I, THE JURY
(director: Richard T. Heffron; screenwriters: Larry Cohen/from the novel by Mickey Spillane; cinematographer: Andrew Laszlo; editor: Garth Craven; music: Bill Conti; cast: Armand Assante (Mike Hammer), Barbara Carrera (Dr Charlotte Bennett), Laurene Landon (Velda), Alan King (Charles Kalecki), Geoffrey Lewis (Joe Butler), Paul Sorvino (Detective Pat Chambers), Judson Scott (Kendricks), Barry Snider (Romero), Julia Barr (Norma Childs), Frederick Downs (Jack Williams); Runtime: 110; MPAA Rating: R; producer: Robert H Solo; Twentieth Century-Fox; 1982)
“Like most other of Spillane’s Hammer series put to celluloid it comes out well-short of the novel.”
Reviewed by Dennis Schwartz
The talented cult director Larry Cohen was fired after one week (though still responsible for the script) and veteran TV director Richard T. Heffron (“Outlaw Blues”/”Futureworld”/”Trackdown”) replaced him as director. That was not a good idea, as Heffron is not a skilled enough director who can make heads or tails out of the novel’s underlying paranoia. The Mike Hammer sadistic gory thriller, driven by excessive sex and violence, is crudely and unfaithfully updated from Mickey Spillane’s 1947 trashy pulp novel of the Cold War period (and the expurgated film of 1953) to the modern-day post-Watergate period and comes out looking like just so much crap. More sex, nudity and violence are tacked on from the novel itself, but like most other of Spillane’s Hammer series put to celluloid it comes out well-short of the novel (the exception being Aldrich’s Kiss Me Deadly).
Hammer portray-er Armand Assante gives the free-wheeling James Bond-like cartoonish amoral hard-boiled NYC private dick an Italian flavor in cool vulgarity, but he offers a performance that has nothing going for it but to watch the robotic macho guy repetitiously fuck and kill his way through most of the city.
Hammer investigates the death of his one-armed detective war buddy, from their Vietnam War days, Jack Williams (Frederick Downs), and is bent on revenge. Help comes from Hammer’s loyal shapely blonde secretary Velda (Laurene Landon) and his long-time pal and antagonist Detective Pat Chambers (Paul Sorvino). The dick is also busy looking for a sicko switchblade wielding serial killer named Kendricks (Judson Scott), who has been programmed by the CIA and has a nasty attitude toward redheads. Eventually, after much mayhem, Hammer learns that he’s just being used as a pawn for both the FBI and the mob. Naturally, that pisses our man off–which leads to only more killing and fucking.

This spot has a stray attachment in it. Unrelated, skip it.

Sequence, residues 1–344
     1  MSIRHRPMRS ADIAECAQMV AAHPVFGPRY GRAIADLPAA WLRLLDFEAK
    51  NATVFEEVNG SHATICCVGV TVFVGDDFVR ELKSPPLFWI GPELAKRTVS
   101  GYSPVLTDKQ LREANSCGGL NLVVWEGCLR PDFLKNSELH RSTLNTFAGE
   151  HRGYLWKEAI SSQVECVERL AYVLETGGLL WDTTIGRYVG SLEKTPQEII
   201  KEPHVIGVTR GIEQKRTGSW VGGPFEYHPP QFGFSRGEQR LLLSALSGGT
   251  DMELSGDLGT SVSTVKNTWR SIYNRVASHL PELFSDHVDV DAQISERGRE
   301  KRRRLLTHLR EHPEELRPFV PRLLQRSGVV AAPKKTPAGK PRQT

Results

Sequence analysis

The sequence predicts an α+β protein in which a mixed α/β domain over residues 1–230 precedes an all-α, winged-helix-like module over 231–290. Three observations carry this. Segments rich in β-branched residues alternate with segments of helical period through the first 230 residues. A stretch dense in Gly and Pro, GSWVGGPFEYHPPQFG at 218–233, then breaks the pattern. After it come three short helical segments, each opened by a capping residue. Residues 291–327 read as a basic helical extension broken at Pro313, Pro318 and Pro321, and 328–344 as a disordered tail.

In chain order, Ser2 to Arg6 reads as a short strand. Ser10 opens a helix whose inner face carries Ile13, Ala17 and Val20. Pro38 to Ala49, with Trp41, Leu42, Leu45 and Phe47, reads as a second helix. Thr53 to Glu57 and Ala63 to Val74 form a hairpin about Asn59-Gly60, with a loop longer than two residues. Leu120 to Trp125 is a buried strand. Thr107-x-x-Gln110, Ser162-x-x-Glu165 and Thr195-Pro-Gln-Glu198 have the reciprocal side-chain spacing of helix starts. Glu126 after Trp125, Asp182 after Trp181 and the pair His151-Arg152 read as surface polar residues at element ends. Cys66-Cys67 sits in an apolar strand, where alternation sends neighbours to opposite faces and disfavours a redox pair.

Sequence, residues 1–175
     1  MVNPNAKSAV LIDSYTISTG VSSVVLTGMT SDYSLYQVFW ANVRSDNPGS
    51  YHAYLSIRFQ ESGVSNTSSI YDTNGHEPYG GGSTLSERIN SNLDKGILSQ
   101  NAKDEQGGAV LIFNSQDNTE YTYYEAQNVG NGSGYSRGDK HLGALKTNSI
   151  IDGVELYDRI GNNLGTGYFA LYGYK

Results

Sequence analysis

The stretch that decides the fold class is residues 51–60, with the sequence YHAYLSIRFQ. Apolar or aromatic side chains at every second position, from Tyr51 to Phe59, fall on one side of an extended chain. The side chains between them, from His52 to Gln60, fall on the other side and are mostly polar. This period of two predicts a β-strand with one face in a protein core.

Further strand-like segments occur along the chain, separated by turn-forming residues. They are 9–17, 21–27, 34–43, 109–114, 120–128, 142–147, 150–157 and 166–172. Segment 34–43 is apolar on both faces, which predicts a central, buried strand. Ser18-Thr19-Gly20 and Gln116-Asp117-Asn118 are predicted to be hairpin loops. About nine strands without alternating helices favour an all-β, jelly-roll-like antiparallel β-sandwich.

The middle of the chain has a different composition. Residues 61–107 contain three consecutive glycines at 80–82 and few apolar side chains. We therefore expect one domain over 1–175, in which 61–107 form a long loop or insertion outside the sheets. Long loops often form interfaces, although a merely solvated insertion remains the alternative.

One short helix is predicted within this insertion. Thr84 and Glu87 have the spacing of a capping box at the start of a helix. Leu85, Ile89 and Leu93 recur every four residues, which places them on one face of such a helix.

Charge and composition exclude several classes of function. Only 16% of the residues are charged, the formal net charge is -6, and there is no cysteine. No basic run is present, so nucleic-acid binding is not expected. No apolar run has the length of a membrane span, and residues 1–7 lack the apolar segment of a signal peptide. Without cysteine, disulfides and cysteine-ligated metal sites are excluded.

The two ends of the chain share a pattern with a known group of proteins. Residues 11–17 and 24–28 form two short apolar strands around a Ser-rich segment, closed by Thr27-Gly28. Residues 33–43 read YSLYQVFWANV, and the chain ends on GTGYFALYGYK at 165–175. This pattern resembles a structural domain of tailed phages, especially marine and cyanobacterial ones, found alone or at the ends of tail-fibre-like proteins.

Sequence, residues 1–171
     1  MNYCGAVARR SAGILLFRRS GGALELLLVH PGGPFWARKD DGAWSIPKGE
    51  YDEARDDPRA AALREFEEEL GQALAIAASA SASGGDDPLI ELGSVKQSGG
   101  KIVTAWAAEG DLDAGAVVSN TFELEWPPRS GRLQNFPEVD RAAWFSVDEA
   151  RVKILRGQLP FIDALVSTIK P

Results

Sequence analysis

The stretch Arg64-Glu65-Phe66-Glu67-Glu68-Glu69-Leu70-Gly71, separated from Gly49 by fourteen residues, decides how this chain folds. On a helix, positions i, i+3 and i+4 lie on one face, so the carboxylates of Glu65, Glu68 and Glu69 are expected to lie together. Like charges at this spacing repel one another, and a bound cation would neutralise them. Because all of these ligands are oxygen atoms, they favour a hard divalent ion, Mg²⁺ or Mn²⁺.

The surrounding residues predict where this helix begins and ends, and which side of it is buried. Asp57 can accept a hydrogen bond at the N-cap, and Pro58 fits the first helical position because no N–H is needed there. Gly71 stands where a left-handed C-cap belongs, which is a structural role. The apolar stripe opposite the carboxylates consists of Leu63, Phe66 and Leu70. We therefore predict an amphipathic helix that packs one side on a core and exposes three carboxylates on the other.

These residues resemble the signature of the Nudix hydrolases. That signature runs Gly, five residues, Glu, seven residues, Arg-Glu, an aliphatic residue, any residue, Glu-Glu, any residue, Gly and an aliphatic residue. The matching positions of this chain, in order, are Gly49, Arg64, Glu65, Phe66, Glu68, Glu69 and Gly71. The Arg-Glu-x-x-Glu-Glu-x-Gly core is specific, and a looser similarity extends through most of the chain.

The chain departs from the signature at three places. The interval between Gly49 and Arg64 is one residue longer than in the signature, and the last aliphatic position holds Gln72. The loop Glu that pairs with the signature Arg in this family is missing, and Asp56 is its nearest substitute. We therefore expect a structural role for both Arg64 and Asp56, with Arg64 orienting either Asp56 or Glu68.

The murky plotline has us following an inexplicable tale of government conspiracy and mind control tactics involving the Mafia, the CIA, his late pal Jack and an unbelievable sex clinic run by baddie sexpot Dr. Charlotte Bennett (Barbara Carrera). The Mafia part of the deal has Charles Kalecki (Alan King) as the suave mob boss. Also part of this kinky conspiracy tale is deviant former CIA operative Romero (Barry Snider), who operates out of a heavily secure exurban computerized fortress. But that is penetrated by Hammer in the climax, as he shows off his rugged action hero stuff bringing down the run-of-the-mill action pic villain.
The uneven pic was about as lucid and well-meaning asa do-gooder talking up Mother Theresa’s charity efforts for the marginalized poor to a misanthrope. Basically, an entertaining film for those impressed that the hero has a license to kill, is dressed in the finest silk threads, drives a shiny new Trans Am and has a sure-fire macho way of scoring with the dolls.
REVIEWED ON 11/20/2009 GRADE: C https://dennisschwartzreviews.com/